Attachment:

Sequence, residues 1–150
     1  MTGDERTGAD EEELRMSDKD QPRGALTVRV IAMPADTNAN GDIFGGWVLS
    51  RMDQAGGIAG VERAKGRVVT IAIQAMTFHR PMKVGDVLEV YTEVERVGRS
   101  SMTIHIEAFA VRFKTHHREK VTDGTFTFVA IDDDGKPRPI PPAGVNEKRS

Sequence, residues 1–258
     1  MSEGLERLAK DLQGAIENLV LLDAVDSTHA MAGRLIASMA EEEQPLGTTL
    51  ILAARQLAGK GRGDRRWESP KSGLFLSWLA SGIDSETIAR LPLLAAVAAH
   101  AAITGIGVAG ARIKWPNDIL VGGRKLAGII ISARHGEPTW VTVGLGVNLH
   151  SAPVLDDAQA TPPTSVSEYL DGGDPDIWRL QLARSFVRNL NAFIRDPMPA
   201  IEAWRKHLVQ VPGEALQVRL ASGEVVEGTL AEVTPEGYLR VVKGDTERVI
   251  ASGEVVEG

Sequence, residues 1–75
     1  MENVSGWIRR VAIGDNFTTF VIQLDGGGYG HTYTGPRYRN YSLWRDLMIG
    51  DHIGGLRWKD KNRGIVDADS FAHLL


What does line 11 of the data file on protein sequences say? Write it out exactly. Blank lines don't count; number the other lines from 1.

   251  ASGEVVEG